End of the Simulation: Human Consciousness and the Ukraine Crisis

The war in Ukraine means the simulation of peace we have been living in since the end of World War II faces an inevitable demise, and the unconscious mind is now in control, writes Alan Nasif.


For those of us who have applied their minds to any field of the humanities, Hannah Arendt’s magnum opus, Eichmann in Jerusalem: A Report on the Banality of Evil, is one of the most iconic works of the post-modern era. A Holocaust survivor herself, Arendt witnessed firsthand the infernal horror that humankind can bring upon itself and perform atrocities with a relatively easy conscience. Arendt’s title, itself, is quite telling. Indeed, evil is so banal that the first recorded murder in history was a fratricide: when an envious brother, Cain, killed the other, Abel. Mind you, the perpetrator was man’s very first born.

When God confronted Cain with his heinous crime and delivered His verdict on it, Cain showed no remorse—merely fear for his own life. Had Cain known the consequences, would he have still killed his brother? Had he no conscience? It seems so. Conscience is an inner feeling; and feelings are developed and acquired; they are not innate. Thus, for feelings to develop, a stimulus is necessary and that stimulus, in order to incite a cognitive or emotive response, must be perceived. Perception is, foremost, a faculty of consciousness – at all its levels. That is to say, a person can only be conscientious insofar they are conscious first.

As for the unconscious mind, it cannot generate thoughts or emotions on its own, independent of the conscious mind. Therefore, the whole of its reservoir derives from the conscious mind, reflections and representations, mere reproductions. As John Bargh and Ezequiel Morsella determine, the unconscious mind is, in itself, a ‘shadow’ of the conscious one, and thus it could be argued that the primary distinction between the unconscious and conscious mind is the order (or modus operandi) that our cognitive faculties instill upon our purposive volition.

With respect to Cain, the biblical account offers no information to determine with any degree of certainty whether his conscious mind had reason to cultivate and export conscience to the unconscious mind. Yet, the more compelling question is: Was he conscious at the time of execution? I would wager not. He undertook the requisite movements of eliminating the competition in order to ease what ailed him. The strain of his frustration and envy grew to such an extent that Cain’s unconscious mind – reckoning the lack of action under the rule of the conscious mind to provide a satisfactory remedy – assumed control of the body and, unbridled from cognition and the limiting parameters of what is good, Cain acted solely upon the dictates of physical ability… and killed Abel. This was not simply the first recorded murder. This was man’s first act of war against another man.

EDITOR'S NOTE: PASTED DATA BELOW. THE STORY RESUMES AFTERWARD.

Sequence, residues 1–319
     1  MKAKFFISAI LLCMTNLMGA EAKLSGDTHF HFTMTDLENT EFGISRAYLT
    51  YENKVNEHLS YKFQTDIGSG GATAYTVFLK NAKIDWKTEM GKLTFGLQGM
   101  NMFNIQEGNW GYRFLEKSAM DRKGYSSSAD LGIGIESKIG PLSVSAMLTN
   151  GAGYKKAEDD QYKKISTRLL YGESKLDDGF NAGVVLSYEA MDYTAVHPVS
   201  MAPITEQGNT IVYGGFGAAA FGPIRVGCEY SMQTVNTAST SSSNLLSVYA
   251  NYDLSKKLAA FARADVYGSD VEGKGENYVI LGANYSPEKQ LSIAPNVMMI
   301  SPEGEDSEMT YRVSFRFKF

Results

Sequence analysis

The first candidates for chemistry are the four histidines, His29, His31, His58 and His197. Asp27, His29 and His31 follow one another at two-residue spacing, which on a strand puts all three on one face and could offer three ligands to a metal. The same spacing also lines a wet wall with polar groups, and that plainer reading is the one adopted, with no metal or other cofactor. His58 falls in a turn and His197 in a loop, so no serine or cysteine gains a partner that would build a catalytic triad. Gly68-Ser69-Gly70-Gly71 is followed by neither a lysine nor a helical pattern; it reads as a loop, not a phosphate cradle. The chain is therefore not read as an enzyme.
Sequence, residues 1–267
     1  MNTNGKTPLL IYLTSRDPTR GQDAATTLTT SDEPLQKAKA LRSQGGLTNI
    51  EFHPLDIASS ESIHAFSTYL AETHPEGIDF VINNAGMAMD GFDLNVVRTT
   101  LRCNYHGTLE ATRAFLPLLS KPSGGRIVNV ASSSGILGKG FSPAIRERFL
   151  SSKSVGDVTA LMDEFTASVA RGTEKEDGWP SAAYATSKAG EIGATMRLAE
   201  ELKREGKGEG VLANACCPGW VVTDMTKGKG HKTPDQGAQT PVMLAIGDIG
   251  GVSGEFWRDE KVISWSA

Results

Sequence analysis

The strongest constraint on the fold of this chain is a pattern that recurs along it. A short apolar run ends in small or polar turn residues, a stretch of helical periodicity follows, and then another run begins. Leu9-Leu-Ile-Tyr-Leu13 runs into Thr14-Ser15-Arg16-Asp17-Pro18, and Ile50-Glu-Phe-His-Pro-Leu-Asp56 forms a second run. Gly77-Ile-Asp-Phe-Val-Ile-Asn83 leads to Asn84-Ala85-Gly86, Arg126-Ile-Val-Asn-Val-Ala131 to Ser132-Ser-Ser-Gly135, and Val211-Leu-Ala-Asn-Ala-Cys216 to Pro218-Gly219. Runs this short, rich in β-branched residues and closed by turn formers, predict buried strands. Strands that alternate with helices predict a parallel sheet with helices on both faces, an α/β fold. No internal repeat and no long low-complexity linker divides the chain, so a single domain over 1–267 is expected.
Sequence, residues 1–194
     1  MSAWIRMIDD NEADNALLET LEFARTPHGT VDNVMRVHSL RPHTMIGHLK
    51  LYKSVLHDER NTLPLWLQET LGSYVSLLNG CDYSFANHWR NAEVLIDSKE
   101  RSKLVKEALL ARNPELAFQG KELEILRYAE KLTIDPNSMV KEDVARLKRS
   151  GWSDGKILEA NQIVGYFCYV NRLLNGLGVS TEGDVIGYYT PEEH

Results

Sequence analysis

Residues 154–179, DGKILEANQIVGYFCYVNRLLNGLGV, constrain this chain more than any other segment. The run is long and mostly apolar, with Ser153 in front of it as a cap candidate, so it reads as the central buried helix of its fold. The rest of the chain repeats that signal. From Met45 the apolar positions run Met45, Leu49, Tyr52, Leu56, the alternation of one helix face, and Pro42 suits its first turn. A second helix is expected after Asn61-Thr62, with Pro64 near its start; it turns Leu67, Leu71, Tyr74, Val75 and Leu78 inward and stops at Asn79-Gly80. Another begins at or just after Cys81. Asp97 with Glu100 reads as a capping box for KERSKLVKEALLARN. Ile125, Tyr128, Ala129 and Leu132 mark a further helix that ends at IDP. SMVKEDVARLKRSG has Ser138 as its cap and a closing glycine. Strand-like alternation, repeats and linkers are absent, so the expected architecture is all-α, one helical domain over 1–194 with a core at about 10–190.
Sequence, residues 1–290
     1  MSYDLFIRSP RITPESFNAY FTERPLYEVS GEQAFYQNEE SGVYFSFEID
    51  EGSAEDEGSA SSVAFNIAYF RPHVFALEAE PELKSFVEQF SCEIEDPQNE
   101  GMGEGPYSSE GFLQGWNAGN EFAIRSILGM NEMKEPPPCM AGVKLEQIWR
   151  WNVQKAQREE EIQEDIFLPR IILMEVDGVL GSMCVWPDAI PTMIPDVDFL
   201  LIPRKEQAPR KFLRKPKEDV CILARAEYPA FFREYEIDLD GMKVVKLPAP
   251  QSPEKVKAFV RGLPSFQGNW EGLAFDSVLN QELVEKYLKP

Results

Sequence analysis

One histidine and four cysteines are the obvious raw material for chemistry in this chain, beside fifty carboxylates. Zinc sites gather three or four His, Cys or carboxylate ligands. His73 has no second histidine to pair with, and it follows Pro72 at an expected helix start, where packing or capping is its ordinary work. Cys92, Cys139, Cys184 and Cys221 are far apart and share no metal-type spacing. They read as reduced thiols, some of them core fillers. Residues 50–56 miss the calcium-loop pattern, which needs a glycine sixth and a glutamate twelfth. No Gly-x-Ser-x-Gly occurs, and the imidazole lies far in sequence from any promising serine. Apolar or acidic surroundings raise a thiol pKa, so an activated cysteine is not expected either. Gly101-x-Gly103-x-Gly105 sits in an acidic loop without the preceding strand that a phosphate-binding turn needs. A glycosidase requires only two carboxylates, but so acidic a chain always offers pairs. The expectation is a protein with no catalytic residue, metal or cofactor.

Humankind reproduced and multiplied in number as millennia passed – and that despicable enterprise of war also scaled up in scope. Soon it was house against house, tribe against tribe, town against town and so on, and then came the term World War.

In 1914, Europe sleepwalked into war, to borrow Christopher Clark’s The Sleepwalkers: How Europe Went to War in 1914and by virtue of their imperial outreach, the conflict spread to other continents, technically speaking to whichever land identified within the dominion of any European empire at the time, making the European war a World War. In his book, Clark presents the major events that shaped European interrelations in the few years leading up to the First World War – including the trigger that was the assassination of Archduke Franz Ferdinand – and demonstrates how none of the belligerent parties had a clear understanding as to why they were actually going to war and were even perplexed by its outbreak.

We spare no medium nor channel to talk eloquently and at length about peace, but we spend more on building instruments of war.

An era of romanticism nurtured the suggestible mind of the crowd during this time, with people unconsciously taking to the term The Great War, “the war to end all wars.” Yet there was nothing romantic nor great about it, just horror. Ultimately, that war concluded with the unrealistic and impracticable (from an economic perspective) Treaty of Versailles 1919. In fact, economists including John Maynard Keynes predicted that the European economy would collapse if Germany paid the reparations in full. It produced a woeful economic reality for Germany throughout the 1920s, which in turn became the Nazis stepping stone to power through the promise of reversing the humiliation of the Versailles Treaty, which inevitably brought about the Second World War.

During the interwar period (November 11, 1918 – September 1, 1939) and after WWII came to an end, the great powers hoped that by inculcating peace-promoting norms into the international system, they could minimize the possibility of war breaking out again on European soil.